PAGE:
NCAA Passes Bill Allowing Students to Profit off Likeness in 2021

Calvin Schapira

On October 29, 2019 the NCAA unanimously voted to begin the process of allowing student athletes to profit from their likeness and image. After years of discussion and uncertainty, this bill is the first step in the right direction to help Division 1 student athletes with their financial needs.

This is a pivotal step taken in the ongoing debate of whether student athletes should be paid. First, California took the initiative, passing their own bill that gave student athletes compensation based on their likeness and image, but the NCAA took no action on that bill. There were rumors of other states also looking into passing a similar bill, but with the NCAA’s bill, the entire country will be affected.

However, the bill will not be put in effect until 2021. There are still many small details that need clarification. The NCAA needs to figure out how they will differentiate between professional and colligate sports and ensure that student athletes do not receive special privileges and benefits or preferential treatment over other students.  They must ensure that the rules are fair for all college sports, and all student athletes are treated equally without bias.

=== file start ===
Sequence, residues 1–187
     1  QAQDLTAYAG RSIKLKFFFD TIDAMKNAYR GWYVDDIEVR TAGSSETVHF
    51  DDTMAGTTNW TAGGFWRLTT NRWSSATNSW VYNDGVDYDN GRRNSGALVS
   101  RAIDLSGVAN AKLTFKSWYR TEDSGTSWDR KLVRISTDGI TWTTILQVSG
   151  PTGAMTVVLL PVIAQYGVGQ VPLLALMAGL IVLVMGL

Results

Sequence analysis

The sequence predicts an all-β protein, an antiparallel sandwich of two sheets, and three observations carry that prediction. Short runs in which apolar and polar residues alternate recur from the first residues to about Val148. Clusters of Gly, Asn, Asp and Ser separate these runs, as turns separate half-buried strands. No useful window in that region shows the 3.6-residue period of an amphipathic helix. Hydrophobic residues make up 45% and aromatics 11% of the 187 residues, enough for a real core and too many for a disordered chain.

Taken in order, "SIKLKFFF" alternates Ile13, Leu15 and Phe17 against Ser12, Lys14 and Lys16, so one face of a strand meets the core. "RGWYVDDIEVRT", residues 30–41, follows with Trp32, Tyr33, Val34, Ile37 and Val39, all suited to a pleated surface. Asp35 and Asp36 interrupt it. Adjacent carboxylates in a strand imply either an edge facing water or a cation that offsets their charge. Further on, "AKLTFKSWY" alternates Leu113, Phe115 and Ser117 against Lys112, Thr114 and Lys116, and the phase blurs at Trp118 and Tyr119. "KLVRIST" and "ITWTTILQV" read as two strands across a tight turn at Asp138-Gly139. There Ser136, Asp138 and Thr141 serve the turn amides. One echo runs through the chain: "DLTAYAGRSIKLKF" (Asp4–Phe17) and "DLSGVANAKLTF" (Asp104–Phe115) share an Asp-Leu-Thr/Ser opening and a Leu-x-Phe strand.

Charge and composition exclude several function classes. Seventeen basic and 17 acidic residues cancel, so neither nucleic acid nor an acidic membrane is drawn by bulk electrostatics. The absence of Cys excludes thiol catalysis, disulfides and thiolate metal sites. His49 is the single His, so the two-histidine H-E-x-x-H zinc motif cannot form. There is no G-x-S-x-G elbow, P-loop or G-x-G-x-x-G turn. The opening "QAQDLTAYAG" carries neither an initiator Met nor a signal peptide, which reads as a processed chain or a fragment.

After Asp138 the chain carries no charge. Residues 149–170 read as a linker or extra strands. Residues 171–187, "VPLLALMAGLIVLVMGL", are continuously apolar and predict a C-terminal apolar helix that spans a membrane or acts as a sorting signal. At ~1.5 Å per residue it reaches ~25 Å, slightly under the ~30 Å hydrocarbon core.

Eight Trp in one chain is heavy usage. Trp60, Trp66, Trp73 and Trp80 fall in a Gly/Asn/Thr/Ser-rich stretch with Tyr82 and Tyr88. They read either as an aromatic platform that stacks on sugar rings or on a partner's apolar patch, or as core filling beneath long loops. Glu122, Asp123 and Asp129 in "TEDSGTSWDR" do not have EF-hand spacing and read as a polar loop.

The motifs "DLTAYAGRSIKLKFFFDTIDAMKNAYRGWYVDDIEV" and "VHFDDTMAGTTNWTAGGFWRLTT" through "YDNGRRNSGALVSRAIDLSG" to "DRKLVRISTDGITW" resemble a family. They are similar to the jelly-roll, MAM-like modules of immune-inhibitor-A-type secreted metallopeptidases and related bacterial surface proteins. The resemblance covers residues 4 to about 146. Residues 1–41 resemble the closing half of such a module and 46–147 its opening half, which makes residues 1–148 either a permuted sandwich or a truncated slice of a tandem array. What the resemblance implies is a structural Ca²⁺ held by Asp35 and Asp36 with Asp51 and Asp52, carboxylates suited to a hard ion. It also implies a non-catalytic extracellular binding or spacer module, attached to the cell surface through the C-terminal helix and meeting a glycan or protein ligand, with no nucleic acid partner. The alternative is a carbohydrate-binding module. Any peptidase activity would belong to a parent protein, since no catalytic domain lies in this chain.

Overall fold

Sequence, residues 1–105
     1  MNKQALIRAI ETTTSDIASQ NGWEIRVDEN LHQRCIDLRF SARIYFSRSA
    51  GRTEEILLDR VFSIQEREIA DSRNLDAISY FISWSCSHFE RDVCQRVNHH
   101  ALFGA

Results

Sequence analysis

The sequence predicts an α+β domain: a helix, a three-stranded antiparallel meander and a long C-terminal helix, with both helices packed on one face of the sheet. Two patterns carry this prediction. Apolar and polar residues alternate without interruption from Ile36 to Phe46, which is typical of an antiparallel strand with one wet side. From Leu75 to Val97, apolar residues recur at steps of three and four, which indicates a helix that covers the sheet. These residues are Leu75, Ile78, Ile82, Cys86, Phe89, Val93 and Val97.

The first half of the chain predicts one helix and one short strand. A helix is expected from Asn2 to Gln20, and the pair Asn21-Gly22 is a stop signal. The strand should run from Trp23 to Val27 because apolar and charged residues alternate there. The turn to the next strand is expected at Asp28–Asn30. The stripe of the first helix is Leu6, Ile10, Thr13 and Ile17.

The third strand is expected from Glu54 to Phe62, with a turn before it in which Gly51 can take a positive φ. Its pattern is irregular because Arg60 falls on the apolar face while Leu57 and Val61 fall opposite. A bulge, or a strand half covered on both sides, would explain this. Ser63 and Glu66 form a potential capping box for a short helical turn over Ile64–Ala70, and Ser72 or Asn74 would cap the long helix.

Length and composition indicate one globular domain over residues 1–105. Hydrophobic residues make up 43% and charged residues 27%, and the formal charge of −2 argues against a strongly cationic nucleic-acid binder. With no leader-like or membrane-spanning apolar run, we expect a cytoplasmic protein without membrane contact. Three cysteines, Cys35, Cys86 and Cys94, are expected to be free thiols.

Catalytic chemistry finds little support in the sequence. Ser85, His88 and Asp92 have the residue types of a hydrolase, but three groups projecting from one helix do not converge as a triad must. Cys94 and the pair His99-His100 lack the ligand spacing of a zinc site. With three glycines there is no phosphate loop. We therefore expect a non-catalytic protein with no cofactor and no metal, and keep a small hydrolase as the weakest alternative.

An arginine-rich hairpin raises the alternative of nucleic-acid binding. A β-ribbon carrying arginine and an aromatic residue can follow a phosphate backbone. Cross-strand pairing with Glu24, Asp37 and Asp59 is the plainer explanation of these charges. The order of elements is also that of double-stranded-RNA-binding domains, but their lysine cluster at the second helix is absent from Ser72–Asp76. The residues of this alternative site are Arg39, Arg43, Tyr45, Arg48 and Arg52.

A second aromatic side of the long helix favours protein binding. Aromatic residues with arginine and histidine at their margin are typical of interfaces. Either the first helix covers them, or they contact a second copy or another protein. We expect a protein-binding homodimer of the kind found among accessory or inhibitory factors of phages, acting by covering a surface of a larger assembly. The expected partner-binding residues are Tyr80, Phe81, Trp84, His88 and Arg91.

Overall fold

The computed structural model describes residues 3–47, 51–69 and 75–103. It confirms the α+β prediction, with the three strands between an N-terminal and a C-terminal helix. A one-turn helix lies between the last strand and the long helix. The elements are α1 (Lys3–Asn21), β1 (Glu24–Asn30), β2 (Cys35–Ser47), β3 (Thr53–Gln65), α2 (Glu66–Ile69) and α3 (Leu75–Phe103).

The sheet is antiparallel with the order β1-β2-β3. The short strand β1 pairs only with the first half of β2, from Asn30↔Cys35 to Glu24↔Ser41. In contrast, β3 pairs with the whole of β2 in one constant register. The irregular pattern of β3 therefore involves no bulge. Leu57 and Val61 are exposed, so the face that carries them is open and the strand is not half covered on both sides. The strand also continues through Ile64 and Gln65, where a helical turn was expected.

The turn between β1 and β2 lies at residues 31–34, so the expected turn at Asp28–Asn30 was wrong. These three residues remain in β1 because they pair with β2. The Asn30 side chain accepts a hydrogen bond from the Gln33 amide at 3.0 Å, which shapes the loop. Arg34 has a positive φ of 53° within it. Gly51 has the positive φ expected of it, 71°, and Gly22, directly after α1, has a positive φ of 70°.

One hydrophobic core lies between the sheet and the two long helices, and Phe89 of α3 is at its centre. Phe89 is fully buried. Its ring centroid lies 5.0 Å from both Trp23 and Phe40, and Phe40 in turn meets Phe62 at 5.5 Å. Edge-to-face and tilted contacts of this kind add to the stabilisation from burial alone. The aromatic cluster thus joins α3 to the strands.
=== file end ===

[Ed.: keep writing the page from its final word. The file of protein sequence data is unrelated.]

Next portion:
This bill could bring         a new, better era for college sports.  It could help student athletes on and off the field and add value to their experience.  Currently, in addition to academics, student athletes put in countless hours into training, and it makes it difficult to have a normal life and financially support themselves.  This bill could solve some of their financial problems which will lead to less stress and better performance.

Trey Newman, a freshman baseball player at Utah Valley University (a Division 1 school), who will be affected by this bill in 2021 said in an interview, “I completely agree with what the NCAA is doing. I spend so much time on school and my sport; worrying about money adds to the stress I already have. If we receive profit off ourselves, it can give me the financial boost I need.” He went on to say, “Whatever money that we will be compensated with by the NCAA will make my life so much easier and give me some room to do the things I enjoy as well.”

Trey’s opinion seems to coincide with opinions of student athletes across the country who agree that this bill is a welcome change that the NCAA needed to make a long time ago. The details of the bill are yet to be unveiled, but it will be monumental, and this bill is just the first step as the NCAA makes strides to help student athletes live a comfortable life, play the sport they love, and most importantly work toward a degree that will last them a lifetime.